The weeks after the Japanese attack on Pearl Harbor were tense for the residents of the Territory of Hawaii. As the Philippines, Guam, and Wake Island came under attack, it only seemed like a matter of time before the Japanese turned their attention to invading Hawaii. The sunny beaches of the islands were quickly entangled in barbed wire as Army crews looked to set up firing positions at critical points. Locals installed black-out curtains and volunteered to become watch wardens. School children walked to class carrying gas masks and the paper bills of the islands carried “Hawaii” overprints, making the money useless should it fall into Japanese hands.
The anxiety was more than simple paranoia. Even after their attack planes departed the area, the Japanese were not completely gone. Under cover of night, Japanese submarines would silently slide close to the beaches. The attackers avoided the patrol aircraft and keyed-up destroyers surrounding the naval base on O’ahu. Instead, the subs attacked softer targets. At sunset on December 15, 10 shells from a Japanese deck gun crashed into the port facilities at Kahului on Maui. Three of the projectiles hit a pineapple cannery, doing $700 worth of damage. On the night of December 30-31, the subs were back, not only hitting Kahilui, but also hitting Nawiliwili on Kauai and Hilo on the Big Island.
On the night of January 28, 1942, the US Army transport General Royal T. Frank was hauling soldiers between islands when it blundered into the path of a Japanese submarine on patrol in Alenuihaha Channel. There were 60 men on the Frank; 36 of them survived the attack. As oil-soaked debris from the doomed vessel, along with victims of the attack, washed up on Maui’s Hana coast, it was clear that the islands were not safely out of reach of Japanese aggression.
Operation K was conceived by the Japanese as a scouting mission to investigate the American recovery efforts from the December 7 attack. However, in order to sow panic with the locals, the planes would bring along some bombs too. Each Kawanishi H8K “Emily” flying boat hefted four 250-kilogram bombs meant for the 1010 dock at Pearl Harbor. In an effort to take advantage of a full moon, the attack was scheduled for March 4, 1942.
The mission was a nightmare when it came to the factors of distance, weather, and logistics. The aircraft would have to fly from the Marshall Islands, crossing 1,900 miles of ocean to a remote atoll named French Frigate Shoals. There, the flying boats would land, get fuel from a waiting submarine, and then take off again to cruise southeast for the final 310 miles to O’ahu.
The planned five aircraft to execute Operation K became two; the only long-range “Emily” flying boats available. Submarine I-23, which had been tasked with surfacing off the south shore of O’ahu to give a weather report, had been lost at sea days before, so the pair of attackers went in blind.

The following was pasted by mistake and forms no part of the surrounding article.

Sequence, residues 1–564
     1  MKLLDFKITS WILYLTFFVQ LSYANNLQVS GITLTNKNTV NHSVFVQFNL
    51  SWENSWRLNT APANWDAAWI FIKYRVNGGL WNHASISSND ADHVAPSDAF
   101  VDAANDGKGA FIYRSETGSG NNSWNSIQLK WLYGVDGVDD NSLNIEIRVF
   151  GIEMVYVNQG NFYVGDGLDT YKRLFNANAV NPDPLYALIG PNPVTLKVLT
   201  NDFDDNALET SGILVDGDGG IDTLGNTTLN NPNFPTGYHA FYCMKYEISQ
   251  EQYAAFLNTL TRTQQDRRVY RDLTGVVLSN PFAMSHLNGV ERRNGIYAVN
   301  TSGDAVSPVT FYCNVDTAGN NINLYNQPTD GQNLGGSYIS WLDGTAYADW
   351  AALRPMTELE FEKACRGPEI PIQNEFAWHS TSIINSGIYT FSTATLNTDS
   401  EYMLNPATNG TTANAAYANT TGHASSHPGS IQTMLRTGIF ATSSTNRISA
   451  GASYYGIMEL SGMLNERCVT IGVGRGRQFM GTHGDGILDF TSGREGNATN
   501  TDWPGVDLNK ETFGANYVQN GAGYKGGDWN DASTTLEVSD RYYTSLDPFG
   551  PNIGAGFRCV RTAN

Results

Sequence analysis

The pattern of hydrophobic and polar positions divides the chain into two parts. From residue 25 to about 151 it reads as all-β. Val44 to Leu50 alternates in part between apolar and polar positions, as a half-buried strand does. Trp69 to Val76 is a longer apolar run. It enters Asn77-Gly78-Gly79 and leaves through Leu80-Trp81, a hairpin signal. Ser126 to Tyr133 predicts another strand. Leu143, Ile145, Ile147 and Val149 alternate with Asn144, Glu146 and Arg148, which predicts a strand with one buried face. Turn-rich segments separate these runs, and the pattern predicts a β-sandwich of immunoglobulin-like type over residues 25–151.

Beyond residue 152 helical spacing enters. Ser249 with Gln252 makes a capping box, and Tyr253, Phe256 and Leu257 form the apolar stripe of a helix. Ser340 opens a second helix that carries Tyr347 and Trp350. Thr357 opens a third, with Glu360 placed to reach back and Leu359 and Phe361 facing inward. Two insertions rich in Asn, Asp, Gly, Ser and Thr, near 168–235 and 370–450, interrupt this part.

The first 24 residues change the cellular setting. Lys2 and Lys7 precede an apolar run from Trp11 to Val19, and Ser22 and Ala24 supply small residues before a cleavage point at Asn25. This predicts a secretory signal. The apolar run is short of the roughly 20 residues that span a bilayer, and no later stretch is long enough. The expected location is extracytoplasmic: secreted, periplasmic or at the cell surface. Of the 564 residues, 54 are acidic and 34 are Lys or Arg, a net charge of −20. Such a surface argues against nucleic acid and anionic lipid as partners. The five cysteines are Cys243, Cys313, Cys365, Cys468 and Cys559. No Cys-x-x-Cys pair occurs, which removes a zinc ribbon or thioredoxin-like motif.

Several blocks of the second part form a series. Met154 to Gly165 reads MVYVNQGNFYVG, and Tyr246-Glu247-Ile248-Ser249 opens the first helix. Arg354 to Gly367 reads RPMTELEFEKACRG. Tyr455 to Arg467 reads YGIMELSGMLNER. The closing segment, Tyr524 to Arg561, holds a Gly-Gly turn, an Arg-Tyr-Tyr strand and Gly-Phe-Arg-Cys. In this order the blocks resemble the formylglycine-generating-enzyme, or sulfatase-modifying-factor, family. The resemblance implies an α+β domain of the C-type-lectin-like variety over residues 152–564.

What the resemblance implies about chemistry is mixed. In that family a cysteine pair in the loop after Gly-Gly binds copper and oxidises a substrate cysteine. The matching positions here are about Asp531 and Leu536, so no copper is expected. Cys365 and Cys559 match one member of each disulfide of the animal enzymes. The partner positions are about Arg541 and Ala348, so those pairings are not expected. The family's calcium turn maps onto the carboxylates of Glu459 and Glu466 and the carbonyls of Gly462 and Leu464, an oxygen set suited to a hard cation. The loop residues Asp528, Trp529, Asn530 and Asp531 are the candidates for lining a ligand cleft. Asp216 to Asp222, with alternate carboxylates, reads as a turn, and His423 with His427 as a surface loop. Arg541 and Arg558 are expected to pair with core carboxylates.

The weather over French Frigate Shoals was clear as they made their refueling stop, but as the two aircraft cruised toward O’ahu, the Hawaiian Islands were socked in with clouds. The American forces saw them coming on radar, first over Kauai and later at O’ahu. Curtiss P-40s were scrambled to intercept, but they too had trouble in the pea soup clouds over the island. Simultaneously, the Navy launched PBY patrol planes to look for the Japanese air carriers they mistakenly assumed must be skulking nearby.
Lost and separated, the pair of Japanese flying boats made runs on the island individually. Blackout conditions and oppressive weather made it difficult to see the island, let alone a specific repair facility in Pearl Harbor. After taking a fix on the island’s westernmost point, one of the aircraft dropped its bombs into the sea.
The second hit land at least—releasing about eight miles from the target. The bombs came down on the slopes of Tantalus Peak, narrowly missing Honolulu’s Roosevelt High School. The detonations striking the ground 900 feet away shattered windows in the Spanish mission-style school building.
Avoiding the searching P-40s, the flying boats headed back towards the Marshalls, with nothing to show for their work but the knowledge that the Japanese flyers had participated in the longest bombing mission in history up to that point.
American forces soon figured out the logistics of the convoluted Japanese attack. Near the end of May 1942, when conditions were right for another sortie, the “Emily” flying boats were scheduled to go back into the skies. Their primary mission was to snoop on the American carriers, guaranteeing they were docked at Pearl Harbor as the Imperial Japanese Navy conducted their takeover of Midway Atoll.
When a Japanese submarine scrutinized French Frigate Shoals in preparation for a fueling rendezvous, the crew found many areas mined by the Americans, and then they spotted a pair of US Navy fighting vessels awaiting their arrival. The jig was up.
As a result, the second Operation K mission was aborted before it even began. The whereabouts of the US Navy’s carrier forces would remain a mystery until they were spotted by a scout plane from the Japanese cruiser Tone five days later in the vicinity of Midway.